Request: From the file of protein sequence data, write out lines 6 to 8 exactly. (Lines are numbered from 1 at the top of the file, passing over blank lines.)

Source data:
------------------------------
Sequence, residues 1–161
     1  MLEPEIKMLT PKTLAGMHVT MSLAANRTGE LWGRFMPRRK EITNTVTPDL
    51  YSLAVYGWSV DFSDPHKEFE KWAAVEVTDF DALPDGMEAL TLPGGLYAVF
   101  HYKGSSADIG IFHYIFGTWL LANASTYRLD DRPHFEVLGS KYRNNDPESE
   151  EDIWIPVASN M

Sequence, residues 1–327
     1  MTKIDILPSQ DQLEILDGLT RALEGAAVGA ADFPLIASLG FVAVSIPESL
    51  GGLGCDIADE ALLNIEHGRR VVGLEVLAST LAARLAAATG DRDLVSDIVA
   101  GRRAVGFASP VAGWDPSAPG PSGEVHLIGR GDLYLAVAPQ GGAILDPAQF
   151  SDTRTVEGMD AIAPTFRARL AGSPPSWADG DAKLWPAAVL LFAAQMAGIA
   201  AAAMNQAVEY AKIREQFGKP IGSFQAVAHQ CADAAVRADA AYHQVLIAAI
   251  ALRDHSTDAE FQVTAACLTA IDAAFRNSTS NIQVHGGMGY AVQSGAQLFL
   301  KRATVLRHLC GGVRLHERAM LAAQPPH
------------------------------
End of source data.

Sequence, residues 1–327
     1  MTKIDILPSQ DQLEILDGLT RALEGAAVGA ADFPLIASLG FVAVSIPESL
    51  GGLGCDIADE ALLNIEHGRR VVGLEVLAST LAARLAAATG DRDLVSDIVA